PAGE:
CT and ultrasound have been used in this patient population in the past, but both modalities have limited ability to distinguish between postoperative scar tissue and cancerous lesions, he noted. MRI, on the other hand, has proved effective for identifying local and distant recurrence of female pelvic cancers based on the higher soft-tissue contrast and the benefit of diffusion-weighted MR imaging.

"FDG-PET/MRI combines anatomic and functional details from the MR component with information on tissue vitality represented by glucose metabolism [on PET]," Sawicki explained. "There are also some comparative studies with PET/MRI that are very promising. However, there is only one pilot study comparing PET/MRI with MRI alone."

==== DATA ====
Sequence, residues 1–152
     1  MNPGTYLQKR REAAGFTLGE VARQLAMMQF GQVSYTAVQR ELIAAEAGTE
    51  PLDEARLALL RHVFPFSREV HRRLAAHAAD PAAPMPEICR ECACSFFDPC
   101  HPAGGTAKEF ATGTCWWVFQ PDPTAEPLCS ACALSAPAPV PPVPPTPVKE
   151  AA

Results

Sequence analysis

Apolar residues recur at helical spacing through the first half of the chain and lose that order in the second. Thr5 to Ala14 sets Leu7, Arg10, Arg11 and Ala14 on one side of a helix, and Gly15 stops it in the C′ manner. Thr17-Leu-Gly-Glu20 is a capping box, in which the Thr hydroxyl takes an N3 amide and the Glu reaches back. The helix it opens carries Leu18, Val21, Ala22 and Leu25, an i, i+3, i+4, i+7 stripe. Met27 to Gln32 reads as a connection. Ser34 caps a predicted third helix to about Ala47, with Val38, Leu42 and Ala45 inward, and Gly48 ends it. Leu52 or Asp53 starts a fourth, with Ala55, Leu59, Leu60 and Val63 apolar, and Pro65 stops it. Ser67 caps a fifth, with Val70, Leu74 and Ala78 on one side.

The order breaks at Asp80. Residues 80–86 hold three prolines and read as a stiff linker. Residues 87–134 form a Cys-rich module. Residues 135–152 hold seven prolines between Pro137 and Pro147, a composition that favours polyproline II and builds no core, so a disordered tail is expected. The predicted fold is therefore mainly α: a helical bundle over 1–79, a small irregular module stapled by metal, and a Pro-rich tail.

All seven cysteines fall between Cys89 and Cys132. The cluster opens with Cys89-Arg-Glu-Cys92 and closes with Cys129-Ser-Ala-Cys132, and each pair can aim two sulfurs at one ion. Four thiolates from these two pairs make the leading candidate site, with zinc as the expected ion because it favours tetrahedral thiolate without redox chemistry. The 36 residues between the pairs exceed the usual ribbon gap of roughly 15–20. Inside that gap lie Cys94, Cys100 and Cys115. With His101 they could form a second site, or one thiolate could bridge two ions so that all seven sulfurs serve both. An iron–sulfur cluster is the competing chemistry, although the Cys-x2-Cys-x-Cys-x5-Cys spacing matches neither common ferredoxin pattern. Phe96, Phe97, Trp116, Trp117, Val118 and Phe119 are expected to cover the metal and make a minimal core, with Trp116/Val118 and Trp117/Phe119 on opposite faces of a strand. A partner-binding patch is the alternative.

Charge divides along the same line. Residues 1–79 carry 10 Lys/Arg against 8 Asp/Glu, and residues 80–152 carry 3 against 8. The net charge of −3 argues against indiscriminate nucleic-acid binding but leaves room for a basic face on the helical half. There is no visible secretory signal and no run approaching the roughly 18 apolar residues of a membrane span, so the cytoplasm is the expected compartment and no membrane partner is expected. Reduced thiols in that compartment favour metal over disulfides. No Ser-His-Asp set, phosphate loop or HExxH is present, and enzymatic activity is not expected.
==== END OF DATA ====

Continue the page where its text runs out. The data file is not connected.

Thus, the aim of this study was to evaluate the diagnostic performance of FDG-PET/MRI compared with MRI alone for whole-body staging of women suspected of having recurrent pelvic cancer.

Modality comparison

The researchers retrospectively looked at 71 consecutive female patients with a mean age of 54 years (± 13 years). The subjects included 32 patients with recurrent cervical cancer, 26 cases of ovarian cancer, seven women with endometrial cancer, four patients with vulvar cancer, and two patients with vaginal cancer. All the women had undergone surgery and/or radiochemotherapy after initial cancer diagnosis and were cancer-free for six months or longer after treatment.